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Lyr Req: House Carpenter (#243 - Jean Ritchie)

DigiTrad:
HOUSE CARPENTER
THE DEMON LOVER
THE HOUSE CARPENTER (II)


Related threads:
Lyr Req: Demon Lover in New England? (182)
(origins) Origins: Question about a verse in 'Daemon Lover' (8)
Joe Rae's Daemon Lover (4)
Lyr Req: Child 243 on Bronson (16)
(origins) Origin: House Carpenter (27)
Pentangle's House Carpenter (8)
Lyr Req: cyril tawney's carpenter's wife (#243) (18)


Roberto 11 Sep 05 - 03:41 AM
kytrad (Jean Ritchie) 23 Sep 05 - 08:59 PM
Roberto 24 Sep 05 - 01:54 AM
GUEST,Arkie 24 Sep 05 - 09:14 AM
Amos 24 Sep 05 - 02:42 PM
GUEST,Arkie 24 Sep 05 - 03:03 PM
Big Mick 24 Sep 05 - 06:25 PM
Tannywheeler 24 Sep 05 - 06:58 PM
Malcolm Douglas 24 Sep 05 - 07:43 PM
Arkie 24 Sep 05 - 10:57 PM
kytrad (Jean Ritchie) 25 Sep 05 - 08:23 PM
Malcolm Douglas 25 Sep 05 - 09:41 PM
Big Mick 25 Sep 05 - 10:29 PM
Malcolm Douglas 25 Sep 05 - 11:01 PM
Big Mick 26 Sep 05 - 08:34 AM
John Hardly 26 Sep 05 - 10:38 AM
Tannywheeler 26 Sep 05 - 11:03 AM
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Subject: Lyr Req: jean ritchie's house carpenter #243
From: Roberto
Date: 11 Sep 05 - 03:41 AM

From Jean Ritchie and Doc Watson at Folk City, 1963, Smithsonian Folkways SF 40005. Here Jean Ritchie sings a different version of the ballad than the one she sings on Child Ballads in America, Folkways F-2301, 1961 (that, she writes, she got from her father). About the recording at Folk City, she writes : my mothr sang a different version, a sweeter tune. This one I heard most from Uncle Jason Ritchie and from my older sister Una.

A couple of words I can't get at all and a couple of doubts: please, help me complete and correct the transcription. Thank you. R

Well, I once could have married the king's third son
And a fine young man was he
But now I'm married to a house carpenter
And a nice young man is he
And a nice young man is he

O will you forsake your house carpenter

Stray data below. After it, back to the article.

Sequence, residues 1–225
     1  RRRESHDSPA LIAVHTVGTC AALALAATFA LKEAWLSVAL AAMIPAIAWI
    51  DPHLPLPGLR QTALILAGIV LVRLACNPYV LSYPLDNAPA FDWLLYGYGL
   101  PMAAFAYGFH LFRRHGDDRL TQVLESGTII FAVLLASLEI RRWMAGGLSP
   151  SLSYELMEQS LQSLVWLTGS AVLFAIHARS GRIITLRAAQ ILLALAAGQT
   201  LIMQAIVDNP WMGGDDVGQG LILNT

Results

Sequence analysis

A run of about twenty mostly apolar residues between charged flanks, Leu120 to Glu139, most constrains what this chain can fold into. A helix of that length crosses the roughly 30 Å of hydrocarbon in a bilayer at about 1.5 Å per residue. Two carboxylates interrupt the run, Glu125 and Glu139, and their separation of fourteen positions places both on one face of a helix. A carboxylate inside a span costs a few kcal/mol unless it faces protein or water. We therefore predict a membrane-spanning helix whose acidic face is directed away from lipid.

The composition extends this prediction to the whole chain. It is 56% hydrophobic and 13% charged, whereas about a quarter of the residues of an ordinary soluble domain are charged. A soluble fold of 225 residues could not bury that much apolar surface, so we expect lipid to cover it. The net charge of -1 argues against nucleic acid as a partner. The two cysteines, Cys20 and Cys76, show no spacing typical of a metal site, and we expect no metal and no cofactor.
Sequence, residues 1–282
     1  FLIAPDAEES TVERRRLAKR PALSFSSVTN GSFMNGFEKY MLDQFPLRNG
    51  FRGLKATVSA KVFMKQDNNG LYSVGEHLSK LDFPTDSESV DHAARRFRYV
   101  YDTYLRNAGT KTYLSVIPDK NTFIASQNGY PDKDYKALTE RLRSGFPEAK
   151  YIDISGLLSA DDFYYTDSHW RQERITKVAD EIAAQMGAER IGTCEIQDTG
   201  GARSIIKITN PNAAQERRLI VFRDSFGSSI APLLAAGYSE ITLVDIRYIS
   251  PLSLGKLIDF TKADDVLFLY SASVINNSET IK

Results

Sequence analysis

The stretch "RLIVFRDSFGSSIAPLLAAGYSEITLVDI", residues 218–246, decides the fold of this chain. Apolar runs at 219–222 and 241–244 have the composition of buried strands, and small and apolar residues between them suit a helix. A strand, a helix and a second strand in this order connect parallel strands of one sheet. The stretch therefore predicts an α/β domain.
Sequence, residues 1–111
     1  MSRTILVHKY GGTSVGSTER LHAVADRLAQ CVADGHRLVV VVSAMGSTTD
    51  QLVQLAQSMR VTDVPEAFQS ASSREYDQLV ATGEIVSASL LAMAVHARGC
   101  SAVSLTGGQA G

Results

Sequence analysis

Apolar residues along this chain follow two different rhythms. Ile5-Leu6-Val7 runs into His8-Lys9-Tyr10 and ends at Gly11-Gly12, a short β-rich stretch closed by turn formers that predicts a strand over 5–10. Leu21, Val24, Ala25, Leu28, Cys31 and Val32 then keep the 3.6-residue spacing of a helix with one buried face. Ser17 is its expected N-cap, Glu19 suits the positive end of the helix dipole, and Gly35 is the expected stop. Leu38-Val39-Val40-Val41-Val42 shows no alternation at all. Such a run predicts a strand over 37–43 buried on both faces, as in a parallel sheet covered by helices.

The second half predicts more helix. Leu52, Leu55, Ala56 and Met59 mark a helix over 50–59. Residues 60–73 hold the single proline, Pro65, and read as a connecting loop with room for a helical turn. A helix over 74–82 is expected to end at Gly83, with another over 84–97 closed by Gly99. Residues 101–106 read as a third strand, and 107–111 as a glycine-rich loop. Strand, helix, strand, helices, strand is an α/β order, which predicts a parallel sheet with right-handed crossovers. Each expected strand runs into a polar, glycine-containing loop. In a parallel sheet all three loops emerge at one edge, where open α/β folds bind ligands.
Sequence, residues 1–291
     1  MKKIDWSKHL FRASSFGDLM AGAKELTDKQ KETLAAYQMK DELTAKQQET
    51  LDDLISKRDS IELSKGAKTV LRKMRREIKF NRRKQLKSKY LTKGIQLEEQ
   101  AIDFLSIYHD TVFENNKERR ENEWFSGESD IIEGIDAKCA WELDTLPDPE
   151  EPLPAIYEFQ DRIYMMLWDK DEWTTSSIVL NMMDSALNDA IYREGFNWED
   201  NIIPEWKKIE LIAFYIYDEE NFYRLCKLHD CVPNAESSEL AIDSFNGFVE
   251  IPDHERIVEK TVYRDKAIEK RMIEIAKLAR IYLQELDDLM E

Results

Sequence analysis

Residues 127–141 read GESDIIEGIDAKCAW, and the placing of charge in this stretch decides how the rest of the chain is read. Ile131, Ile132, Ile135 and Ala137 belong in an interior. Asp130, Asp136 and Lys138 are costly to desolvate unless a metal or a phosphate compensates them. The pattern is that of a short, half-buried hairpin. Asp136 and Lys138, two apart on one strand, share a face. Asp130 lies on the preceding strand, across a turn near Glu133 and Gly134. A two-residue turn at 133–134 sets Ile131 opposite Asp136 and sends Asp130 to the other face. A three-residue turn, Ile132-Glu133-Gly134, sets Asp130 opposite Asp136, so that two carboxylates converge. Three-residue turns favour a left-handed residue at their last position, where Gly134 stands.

And go along with me?
I will take you to where the grass grows green
On the banks of the river Dee
On the banks of the river Dee

What will you have to maintain me upon
To keep me from slavery?
Well, I have seven ships, they will soon be at land
And at your command shall be
And at your command shall be

She took her two babes by their hand
And gave them kisses three
Saying – Stay at home, you darling little babes
Keep your father sweet company
Keep your father sweet company

Now she dressed herself in her very best
Like a high-born lady was she
She shimmered and she shammered (?) and she lovely stepped
As they walked by the banks of the sea
As they walked by the banks of the sea

Well, she hadn't been gone but a short, short time
Until she wept full sore
I would give all the gold in this round world
Just to see my babes once more
Just to see my babes once more

Well, if you had all the gold and the silver too
That ever (?) crossed (?) the sea
You never would be at land anymore
And your babes you'll never more see
And your babes you'll never more see

O they hadn't been sailing but a short, short time
'Bout two weeks, three or four
When the ship sprang a leak and they were ...(?)
And they were far away from the shore
And they were far away from the shore

I see bright hills of Heaven, my dear
Where angels come and go
I see bright hills (?) - That's Hell, my dear
Where you and I must go
Where you and I must go

O I wish I was back to my house carpenter
I'm sure he would treat me well